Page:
Titanium is probably the noblest of metals out there. The material is resistant to oxidation, and it can withstand the effects of a lot of chemicals. This alloy is also one of the very few substances with a large number of medical applications since the human body can’t reject it. Titanium is also recyclable, and it’s really strong considering how light it is. The metal is the material of choice for many industries such as automotive, aerospace, firearms, and medical. Any manufacturing operation expecting to earn big knows how to work with titanium.
Sadly not everyone knows how to machine titanium the right way. This metal is a challenging material to work with. There is a high rate of accidents that happen in workshops related to the use of this material to create parts that are difficult to produce. Even the most experienced CNC operators work this metal with extreme caution to make sure they don’t break something and to avoid any injury. The most common workpiece of titanium is a Grade 5 piece. This grade is the closest thing to pure titanium.
The Secrets to Mille Titanium Like a Pro
Handling titanium with a CNC milling machine and no experience is a recipe for a time bomb. The metal can be a bit too flexible at times. When you place a titanium piece on a CNC milling services, it will probably bend instead of getting cut. This can put a lot of frustration in you, and you can lose a lot of workpieces making mistakes. To avoid these problems, we will share some tips with you:
Make Steady Contact of the Workpiece with the Mill
You need a steady hand for this one. You will have to keep constant and stable contact between the CNC mill and the titanium sheet you are machining. Entry points, as well as the exits, are a potential risk for failure, so it is best if you keep these as low as possible.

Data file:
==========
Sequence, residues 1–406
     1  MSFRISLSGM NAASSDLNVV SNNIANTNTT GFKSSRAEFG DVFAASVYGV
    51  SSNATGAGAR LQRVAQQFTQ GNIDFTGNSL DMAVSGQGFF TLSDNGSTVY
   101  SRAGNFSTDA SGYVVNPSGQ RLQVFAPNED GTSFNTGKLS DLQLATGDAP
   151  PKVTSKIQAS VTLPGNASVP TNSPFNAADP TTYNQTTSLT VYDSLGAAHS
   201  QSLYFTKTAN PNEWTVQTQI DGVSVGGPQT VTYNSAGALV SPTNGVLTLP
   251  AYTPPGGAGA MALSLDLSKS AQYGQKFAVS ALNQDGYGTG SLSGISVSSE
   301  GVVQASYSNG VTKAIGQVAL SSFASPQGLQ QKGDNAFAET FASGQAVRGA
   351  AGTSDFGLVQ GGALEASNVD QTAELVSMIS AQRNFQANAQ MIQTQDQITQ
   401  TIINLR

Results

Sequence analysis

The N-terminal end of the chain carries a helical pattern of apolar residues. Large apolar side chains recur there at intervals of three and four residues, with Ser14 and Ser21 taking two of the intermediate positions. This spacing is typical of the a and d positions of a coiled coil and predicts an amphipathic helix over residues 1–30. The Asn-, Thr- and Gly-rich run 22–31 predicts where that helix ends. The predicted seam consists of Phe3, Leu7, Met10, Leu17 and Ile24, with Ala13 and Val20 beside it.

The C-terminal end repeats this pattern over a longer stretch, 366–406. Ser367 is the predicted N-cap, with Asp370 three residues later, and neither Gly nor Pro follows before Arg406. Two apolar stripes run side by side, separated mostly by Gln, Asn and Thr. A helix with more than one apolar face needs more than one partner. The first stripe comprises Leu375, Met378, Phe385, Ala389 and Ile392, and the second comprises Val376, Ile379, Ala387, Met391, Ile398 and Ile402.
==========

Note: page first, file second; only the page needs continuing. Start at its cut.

Never Lean on the Workpiece too Fiercely
If you slide the tool into cuts, you will expose lesser portions of the mill to the surface of the titanium sheet. This will give the mill less time to get heated and more time to get cooled before the next rotation. Do your best to keep small arcs of the mill from making cuts.
Try Climb Milling
All metals need a thin-to-thick chip rate. This means that you begin your milling task with a small chip rate and increase it after every entry. This doesn’t work with titanium. You need to work the process backward and begin with the thick parts to break the surface quickly. That way you will avoid unwanted bends. On the exits, do your best to prevent adhesion by working with thinner chips.
Work your Mill with More Flutes
One of the most recommended techniques for milling titanium is working with a 13-flute cutting tool. It’s the best way to keep a low rate on chipping with a quick surface speed. A lot of people try to avoid that many flutes, but they can keep radial depth low. This is closely related to the specs of the project; it’s better to study them to know your needs with accuracy.